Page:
Weekend Warriors: It's All About the Preview

I have seen and read so many opinions and questions about creating and making previews for TpT products. Everybody has a point of view about it. I am going to share my own experience and I hope it helps someone out there. 
It's a no brainer for me. All my products HAVE to have a preview. 
When I go shopping in a store, I want to touch and feel what I am going to purchase. I want to know:
 What is the quality?
 Is it worth the price? 
Why buy it here, when I can get it somewhere else? 
Your product preview needs to answer these questions and entice your potential customers to purchase from you and nowhere else.
My product previews are ever evolving. There is no "right" or "wrong" way of making them. However, I have streamlined the process over the years. Sometimes a collage preview is appropriate. Other times, the preview needs to be a close up of a few pages in a much larger product. Let me show you what I mean.

After I make my product and save it as a PDF to upload, I also save all the slides (PowerPoint) as JPEGs. I create a new, one page landscape file, so I can arrange all the pictures of the pages that are included. I want my potential customers to know what they are getting. I don't want them to have to guess. Here is an example of a collage preview:

This file is editable and comes with color and black and white pages. I made sure to include all the color pages in the preview, however, in the product description I explain that black and white versions of each page are also included. Product descriptions are extremely important, as well. However, not everyone reads them carefully, so your preview is the first key to getting your buyers interested. Think of it as a visual "hook." After you make your one page collage preview, save it as a JPEG or PNG file to upload to TpT.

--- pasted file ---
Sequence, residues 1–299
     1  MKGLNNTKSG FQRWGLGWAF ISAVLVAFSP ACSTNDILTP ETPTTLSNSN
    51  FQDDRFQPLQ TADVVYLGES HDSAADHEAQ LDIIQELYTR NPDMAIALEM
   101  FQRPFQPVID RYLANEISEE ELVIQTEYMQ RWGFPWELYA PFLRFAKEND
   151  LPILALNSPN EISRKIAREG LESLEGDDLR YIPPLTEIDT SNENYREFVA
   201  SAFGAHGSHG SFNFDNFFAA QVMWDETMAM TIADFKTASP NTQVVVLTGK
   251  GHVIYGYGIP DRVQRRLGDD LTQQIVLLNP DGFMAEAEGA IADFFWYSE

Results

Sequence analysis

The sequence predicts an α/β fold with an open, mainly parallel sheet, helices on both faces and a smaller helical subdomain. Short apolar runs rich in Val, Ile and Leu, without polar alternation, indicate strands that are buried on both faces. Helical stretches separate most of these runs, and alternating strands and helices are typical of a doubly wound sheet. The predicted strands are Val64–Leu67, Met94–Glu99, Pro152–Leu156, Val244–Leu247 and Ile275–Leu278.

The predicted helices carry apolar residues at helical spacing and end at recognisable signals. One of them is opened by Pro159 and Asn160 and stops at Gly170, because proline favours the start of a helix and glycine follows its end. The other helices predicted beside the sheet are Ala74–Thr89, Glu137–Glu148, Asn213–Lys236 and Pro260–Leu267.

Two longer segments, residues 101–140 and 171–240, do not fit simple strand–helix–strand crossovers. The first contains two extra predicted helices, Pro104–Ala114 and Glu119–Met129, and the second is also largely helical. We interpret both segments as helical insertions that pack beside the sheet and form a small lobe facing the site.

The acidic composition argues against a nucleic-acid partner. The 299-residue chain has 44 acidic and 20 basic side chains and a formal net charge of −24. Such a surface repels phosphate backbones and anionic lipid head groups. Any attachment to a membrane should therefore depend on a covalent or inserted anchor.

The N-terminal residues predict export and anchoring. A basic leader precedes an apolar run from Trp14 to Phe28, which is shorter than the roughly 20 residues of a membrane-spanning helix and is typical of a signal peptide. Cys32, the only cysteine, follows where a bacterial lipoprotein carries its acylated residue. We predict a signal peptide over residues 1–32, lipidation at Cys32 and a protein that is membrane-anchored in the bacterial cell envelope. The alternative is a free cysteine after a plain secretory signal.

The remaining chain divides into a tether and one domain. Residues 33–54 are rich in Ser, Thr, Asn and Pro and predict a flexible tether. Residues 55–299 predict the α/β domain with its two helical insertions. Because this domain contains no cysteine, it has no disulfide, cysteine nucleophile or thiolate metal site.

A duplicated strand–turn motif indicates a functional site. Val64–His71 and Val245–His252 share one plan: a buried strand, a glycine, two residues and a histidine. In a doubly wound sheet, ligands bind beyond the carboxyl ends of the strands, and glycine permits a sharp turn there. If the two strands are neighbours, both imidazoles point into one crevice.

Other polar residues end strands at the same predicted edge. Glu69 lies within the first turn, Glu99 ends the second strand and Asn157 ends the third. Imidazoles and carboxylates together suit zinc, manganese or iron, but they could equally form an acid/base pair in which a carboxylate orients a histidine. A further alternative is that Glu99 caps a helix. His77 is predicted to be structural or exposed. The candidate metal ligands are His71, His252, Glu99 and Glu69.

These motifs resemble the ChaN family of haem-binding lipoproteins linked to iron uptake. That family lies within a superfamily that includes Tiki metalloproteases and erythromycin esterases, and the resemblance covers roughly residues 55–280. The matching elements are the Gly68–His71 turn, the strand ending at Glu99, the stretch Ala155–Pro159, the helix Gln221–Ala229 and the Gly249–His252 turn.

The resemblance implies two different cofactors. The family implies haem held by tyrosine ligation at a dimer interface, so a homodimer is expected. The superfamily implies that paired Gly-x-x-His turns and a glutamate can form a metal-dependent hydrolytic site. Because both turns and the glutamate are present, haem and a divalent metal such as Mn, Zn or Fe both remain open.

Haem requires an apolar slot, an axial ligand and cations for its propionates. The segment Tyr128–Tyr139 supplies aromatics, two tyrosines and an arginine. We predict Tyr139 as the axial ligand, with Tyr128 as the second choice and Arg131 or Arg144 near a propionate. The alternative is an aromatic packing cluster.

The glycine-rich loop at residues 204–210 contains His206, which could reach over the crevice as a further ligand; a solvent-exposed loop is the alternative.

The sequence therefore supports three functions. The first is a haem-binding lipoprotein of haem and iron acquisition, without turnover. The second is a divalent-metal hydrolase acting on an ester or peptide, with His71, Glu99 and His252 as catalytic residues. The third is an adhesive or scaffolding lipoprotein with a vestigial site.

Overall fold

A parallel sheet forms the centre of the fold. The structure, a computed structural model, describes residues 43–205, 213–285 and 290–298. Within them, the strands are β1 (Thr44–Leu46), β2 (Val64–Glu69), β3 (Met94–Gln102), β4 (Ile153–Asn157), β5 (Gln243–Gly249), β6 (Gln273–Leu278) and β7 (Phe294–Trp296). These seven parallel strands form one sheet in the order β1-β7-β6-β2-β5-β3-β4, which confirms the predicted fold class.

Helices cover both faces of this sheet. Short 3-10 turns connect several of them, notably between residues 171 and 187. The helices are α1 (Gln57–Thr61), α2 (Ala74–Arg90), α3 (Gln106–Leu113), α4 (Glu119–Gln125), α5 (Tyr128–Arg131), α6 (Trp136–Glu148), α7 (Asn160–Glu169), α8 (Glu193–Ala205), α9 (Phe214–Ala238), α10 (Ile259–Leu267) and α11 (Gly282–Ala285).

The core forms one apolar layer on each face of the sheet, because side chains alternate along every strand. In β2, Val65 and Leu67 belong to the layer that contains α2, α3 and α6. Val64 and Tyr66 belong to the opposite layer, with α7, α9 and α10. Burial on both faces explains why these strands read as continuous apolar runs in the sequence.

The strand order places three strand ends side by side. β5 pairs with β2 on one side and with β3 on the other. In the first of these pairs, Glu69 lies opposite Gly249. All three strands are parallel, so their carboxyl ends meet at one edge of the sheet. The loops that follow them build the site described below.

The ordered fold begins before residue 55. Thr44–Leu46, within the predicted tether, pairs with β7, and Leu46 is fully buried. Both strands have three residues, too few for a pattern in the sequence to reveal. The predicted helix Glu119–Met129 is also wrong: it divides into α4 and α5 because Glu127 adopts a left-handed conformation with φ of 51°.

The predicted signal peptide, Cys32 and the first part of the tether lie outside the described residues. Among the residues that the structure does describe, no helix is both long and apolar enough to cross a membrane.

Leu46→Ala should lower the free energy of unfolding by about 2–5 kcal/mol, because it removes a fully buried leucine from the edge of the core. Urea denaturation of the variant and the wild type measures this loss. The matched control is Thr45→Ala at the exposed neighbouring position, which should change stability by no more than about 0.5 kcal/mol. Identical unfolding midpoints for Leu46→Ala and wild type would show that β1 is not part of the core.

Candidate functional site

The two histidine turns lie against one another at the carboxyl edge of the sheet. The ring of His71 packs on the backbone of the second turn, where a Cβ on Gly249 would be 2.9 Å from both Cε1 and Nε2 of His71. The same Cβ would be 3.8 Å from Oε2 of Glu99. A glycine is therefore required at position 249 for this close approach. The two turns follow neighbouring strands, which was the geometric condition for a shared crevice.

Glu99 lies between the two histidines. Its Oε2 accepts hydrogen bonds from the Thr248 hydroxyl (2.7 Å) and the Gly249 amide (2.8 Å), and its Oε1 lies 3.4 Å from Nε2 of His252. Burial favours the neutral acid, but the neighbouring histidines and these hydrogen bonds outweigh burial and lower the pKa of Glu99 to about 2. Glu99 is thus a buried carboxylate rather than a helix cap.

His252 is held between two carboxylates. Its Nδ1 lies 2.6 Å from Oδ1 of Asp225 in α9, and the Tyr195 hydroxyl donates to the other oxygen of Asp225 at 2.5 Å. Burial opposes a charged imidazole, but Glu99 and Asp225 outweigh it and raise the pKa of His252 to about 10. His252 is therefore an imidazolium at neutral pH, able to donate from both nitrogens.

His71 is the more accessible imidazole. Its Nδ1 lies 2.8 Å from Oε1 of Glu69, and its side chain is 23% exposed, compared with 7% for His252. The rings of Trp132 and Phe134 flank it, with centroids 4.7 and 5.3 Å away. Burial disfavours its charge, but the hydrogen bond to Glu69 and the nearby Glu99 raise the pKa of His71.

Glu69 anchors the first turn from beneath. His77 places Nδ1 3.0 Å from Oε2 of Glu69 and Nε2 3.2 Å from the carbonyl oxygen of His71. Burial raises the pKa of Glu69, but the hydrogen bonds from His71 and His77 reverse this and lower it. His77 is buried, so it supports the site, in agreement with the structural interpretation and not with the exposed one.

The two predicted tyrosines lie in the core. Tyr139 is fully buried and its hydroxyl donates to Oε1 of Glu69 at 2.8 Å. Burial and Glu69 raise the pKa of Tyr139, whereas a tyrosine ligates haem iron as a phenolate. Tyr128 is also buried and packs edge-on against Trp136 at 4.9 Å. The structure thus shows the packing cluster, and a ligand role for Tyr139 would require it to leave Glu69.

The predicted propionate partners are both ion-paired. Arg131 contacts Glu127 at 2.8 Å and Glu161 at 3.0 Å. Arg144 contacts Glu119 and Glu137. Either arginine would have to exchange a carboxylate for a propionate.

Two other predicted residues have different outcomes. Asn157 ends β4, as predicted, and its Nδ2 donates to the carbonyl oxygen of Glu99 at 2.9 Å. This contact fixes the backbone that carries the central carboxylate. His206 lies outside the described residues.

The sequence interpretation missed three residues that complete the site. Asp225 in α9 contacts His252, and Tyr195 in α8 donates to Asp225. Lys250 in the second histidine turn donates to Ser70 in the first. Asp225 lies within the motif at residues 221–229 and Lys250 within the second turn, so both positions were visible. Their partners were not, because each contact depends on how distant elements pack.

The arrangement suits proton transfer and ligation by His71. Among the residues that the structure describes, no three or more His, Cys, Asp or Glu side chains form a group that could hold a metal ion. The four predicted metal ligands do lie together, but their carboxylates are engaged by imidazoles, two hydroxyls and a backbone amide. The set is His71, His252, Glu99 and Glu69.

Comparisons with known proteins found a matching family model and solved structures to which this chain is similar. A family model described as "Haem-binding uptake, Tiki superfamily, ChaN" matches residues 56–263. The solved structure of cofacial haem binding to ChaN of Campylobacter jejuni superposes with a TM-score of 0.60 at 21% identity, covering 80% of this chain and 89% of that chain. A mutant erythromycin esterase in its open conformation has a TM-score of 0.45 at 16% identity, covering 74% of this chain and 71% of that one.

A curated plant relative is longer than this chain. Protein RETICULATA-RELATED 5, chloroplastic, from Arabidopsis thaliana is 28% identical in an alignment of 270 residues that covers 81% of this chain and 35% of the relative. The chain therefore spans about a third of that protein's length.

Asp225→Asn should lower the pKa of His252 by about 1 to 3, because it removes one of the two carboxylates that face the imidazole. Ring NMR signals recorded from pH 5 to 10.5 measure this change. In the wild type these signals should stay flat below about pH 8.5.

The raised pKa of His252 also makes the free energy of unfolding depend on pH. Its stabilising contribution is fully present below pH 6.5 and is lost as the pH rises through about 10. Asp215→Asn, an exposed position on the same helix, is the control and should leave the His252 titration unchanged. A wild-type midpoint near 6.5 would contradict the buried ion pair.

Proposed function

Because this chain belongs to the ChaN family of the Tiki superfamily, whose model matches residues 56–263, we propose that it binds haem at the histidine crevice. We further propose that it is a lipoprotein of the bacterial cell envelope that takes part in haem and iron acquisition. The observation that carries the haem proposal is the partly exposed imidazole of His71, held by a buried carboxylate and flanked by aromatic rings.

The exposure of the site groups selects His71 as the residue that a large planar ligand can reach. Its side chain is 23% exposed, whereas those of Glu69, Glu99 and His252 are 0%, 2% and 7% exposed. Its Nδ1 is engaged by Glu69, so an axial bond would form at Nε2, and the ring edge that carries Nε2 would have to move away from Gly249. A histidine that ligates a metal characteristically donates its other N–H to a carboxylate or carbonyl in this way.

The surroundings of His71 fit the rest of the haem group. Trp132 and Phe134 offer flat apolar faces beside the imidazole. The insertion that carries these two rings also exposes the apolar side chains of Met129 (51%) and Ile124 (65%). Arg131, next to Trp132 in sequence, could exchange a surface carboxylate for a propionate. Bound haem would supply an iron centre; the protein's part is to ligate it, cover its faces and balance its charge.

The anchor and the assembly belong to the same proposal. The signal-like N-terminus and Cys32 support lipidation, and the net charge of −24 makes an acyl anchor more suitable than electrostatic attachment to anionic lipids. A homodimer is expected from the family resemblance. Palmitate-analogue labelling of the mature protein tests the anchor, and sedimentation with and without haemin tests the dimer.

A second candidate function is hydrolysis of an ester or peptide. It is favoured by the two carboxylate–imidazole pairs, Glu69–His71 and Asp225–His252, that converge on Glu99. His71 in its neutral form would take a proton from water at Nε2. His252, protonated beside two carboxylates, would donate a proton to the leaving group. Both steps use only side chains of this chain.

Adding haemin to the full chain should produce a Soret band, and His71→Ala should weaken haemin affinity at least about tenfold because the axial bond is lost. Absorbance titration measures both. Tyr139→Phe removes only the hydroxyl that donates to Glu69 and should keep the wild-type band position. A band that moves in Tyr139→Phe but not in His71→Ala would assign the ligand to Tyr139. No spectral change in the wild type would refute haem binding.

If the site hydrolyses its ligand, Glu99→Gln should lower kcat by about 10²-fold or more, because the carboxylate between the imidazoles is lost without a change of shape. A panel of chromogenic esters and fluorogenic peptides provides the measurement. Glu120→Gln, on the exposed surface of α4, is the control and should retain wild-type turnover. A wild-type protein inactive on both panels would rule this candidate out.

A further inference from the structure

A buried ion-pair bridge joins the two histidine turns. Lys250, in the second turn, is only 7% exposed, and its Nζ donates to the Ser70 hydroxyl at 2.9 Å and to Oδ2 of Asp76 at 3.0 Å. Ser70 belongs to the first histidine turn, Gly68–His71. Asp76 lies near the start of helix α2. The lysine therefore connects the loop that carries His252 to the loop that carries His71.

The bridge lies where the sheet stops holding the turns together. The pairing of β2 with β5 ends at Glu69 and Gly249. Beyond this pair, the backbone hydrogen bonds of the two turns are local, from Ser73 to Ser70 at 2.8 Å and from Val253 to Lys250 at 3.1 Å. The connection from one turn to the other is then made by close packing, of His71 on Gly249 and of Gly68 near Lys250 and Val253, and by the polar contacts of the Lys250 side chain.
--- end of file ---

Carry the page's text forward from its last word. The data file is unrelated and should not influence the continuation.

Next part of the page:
Some products require a more detailed preview; a collage preview just won't do it justice. I use multiple page previews for larger products usually. This helps potential customers get a CLOSER look at a few sample pages. Here is an example from my 2nd Grade Interactive Language Notebook preview:

Each page is a full size. Customers can get a close look at what the pages look like once they are completed and get an idea for the quality of the product. It is important to watermark or put your blog button on every page too! Since this type of file is multiple pages, you need to save it as a PDF file instead of a JPEG. 

I hope you were able to get some ideas of how to make your previews work to showcase your products. I would love to hear how you make your previews and what you think is important to include too. 

Make sure to head on over to read some more fabulous tricks and tips from my sweet blogging pals.

1 comment :

  1. Hi Jamie,
    Thanks for the tips. I have excitedly been gleaning all these tips from ya'll and have been wondering how to do multiple pages for ages. It looks as if you have 2 pages put together in your examples. Are you make extra long pages? Are you using powerpoint? The you save the file of multiple slides as a PDF? Sorry I'm not sure I am understanding.

    First Grade by the Sea